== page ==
NEW DELHI: India target a third World Cup when cricket’s global showpiece gets underway on Thursday with the country buoyed by a growing, international self-confidence and with a sport which unites and divides the sub-continent like no other on the verge of joining the Olympic elite.
The epic tournament features 10 nations playing 48 matches over 46 days at 10 different venues.
However, the build-up has been far from smooth after arch-rivals Pakistan considered a boycott when India refused to travel across the border for the Asia Cup.
As a result, the announcement of the schedule for the World Cup was delayed until just three months before the first ball was to be bowled.
Fears over security for the India-Pakistan World Cup blockbuster in Ahmedabad then saw the match moved back a day, sparking a domino effect of nine rescheduled fixtures.
Pakistan’s visit to India is their first since the 2016 Twenty20 World Cup but they were welcomed warmly when they arrived in Hyderabad last week despite only receiving visas just 48 hours before their departure.
“It’s been a superb welcome. People coming to the hotel and their hospitality has been fantastic,” said leg-spinner Shadab Khan.
In an indication of the security tensions, Pakistan’s opening warm-up match with New Zealand on Friday was played behind closed doors at an eerily silent 55,000-capacity Rajiv Gandhi International Stadium.
Torrential rain has also caused an early headache with two warm-up games abandoned without a ball being bowled and a third a reduced overs affair.
The opening match on Thursday between champions England and New Zealand as well as the final on November 19 are being staged at Ahmedabad’s Narendra Modi Stadium, named after the prime minister, the world’s biggest cricket arena boasting a capacity of over 130,000.
India will face Pakistan at the mega-venue on October 14.
The city which independence hero Mahatma Gandhi called home for 15 years is tipped as a potential host city should India bid for the 2036 Olympics.
Cricket itself — albeit in its short-format T20 — is expected to be named an Olympic sport for the 2028 Games in Los Angeles when the International Olympic Committee meets in Mumbai later this month.
The gathering of the best players of India’s favorite game will be the sporting culmination of a year that saw India overtake China as the world’s most populous country, after displacing former colonizer Britain as its fifth-biggest economy in 2021.
Now Modi is seeking a place on the global stage to match.
Courted by the West — despite rights concerns — as a bulwark against Beijing, the prime minister used the G20 summit he hosted this month as a catalyst to position New Delhi as a representative of many others outside traditional power blocs.
His Hindu nationalist Bharatiya Janata Party is widely regarded as a certainty to win next year’s general election by a crushing majority.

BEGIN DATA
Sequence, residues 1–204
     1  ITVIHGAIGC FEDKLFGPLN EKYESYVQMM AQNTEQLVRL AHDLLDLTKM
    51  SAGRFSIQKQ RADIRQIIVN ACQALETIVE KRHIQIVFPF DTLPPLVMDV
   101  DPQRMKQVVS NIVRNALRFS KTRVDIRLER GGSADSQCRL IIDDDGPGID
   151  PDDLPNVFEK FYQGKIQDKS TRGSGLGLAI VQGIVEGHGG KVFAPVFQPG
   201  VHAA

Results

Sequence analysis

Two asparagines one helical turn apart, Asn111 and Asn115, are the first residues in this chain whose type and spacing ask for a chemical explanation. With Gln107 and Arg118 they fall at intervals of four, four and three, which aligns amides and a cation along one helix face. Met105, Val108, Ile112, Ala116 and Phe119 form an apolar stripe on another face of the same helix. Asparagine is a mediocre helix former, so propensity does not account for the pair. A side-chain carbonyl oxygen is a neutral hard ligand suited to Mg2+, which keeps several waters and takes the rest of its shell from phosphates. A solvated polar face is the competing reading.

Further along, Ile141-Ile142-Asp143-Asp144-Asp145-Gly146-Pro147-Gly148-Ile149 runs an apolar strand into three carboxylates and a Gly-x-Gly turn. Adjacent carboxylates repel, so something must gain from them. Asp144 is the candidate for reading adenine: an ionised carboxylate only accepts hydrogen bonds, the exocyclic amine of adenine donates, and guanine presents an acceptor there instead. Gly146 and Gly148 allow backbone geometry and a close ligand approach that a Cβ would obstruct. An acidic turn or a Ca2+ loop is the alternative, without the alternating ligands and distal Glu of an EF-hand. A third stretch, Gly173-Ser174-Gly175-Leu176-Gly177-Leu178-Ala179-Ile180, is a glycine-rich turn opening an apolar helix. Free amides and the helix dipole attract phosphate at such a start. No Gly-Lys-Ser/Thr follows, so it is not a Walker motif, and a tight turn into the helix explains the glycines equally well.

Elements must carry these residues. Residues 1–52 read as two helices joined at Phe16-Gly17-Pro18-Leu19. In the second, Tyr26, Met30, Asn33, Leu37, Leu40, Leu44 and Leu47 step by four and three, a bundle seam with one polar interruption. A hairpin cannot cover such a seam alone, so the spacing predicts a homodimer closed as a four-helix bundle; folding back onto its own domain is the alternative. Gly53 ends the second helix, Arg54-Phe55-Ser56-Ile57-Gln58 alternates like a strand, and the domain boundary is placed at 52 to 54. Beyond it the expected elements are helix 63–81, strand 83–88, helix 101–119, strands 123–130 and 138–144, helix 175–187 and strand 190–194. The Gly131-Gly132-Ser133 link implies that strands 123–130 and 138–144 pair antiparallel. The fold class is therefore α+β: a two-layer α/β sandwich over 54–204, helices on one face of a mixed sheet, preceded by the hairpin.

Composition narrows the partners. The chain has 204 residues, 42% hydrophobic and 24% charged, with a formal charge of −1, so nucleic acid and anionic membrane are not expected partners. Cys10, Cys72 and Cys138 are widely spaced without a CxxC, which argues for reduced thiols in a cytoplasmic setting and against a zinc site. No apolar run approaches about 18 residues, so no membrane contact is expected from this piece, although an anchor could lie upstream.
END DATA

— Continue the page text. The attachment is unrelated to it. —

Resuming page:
India are two-time champions having added the 2011 title on home soil to their 1983 triumph.
They boast superstar Virat Kohli who has made more than 13,000 runs in the ODI format.
“The memories of past World Cup victories, especially the iconic 2011 win, are etched in our hearts, and we want to create new memories for our fans,” said Kohli.
Pakistan, the 1992 champions, have lost seven times out of seven to India at past World Cups.
However, skipper Babar Azam will be key to turning around that run as he leads the way in the batting rankings. His average of over 58 betters even that of Kohli.
Defending champions England, who triumphed in a nail-biting 2019 final against New Zealand at Lord’s, can harness the destructive firepower of Ben Stokes who smashed 84 in that game which went to a Super Over conclusion.
The tournament will likely see the farewell ODI performance of Bangladesh skipper Shakib al Hasan, the top-ranked all-rounder in ODI cricket.
The 36-year-old has made more than 7,000 runs in the format with 55 half-centuries and 308 wickets.
Never far from controversy, Shakib arrives in India after a public spat with axed batsman Tamim Iqbal who he blasted as “childish.”
Australia are five-time champions and boast veteran David Warner who has amassed over 6,300 ODI runs.
South Africa, who have endured a roller-coaster relationship with the World Cup, undone by rain rules in 1992 and 2003, have also been hit by injuries, losing key pacers Anrich Nortje and Sisanda Magala.
For Afghanistan, slow bowlers Rashid Khan, Mohammad Nabi, Mujeeb Ur Rahman, who made his international debut at 16, and Noor Ahmad will be key on welcoming Indian pitches.
Sri Lanka, the 1996 winners, will be fired up by the indignity of being bowled out for just 50 and losing the Asia Cup final to India by 10 wickets.
Netherlands complete the line-up and are match-tough after negotiating the qualifying round in July where two-time champions West Indies crashed out.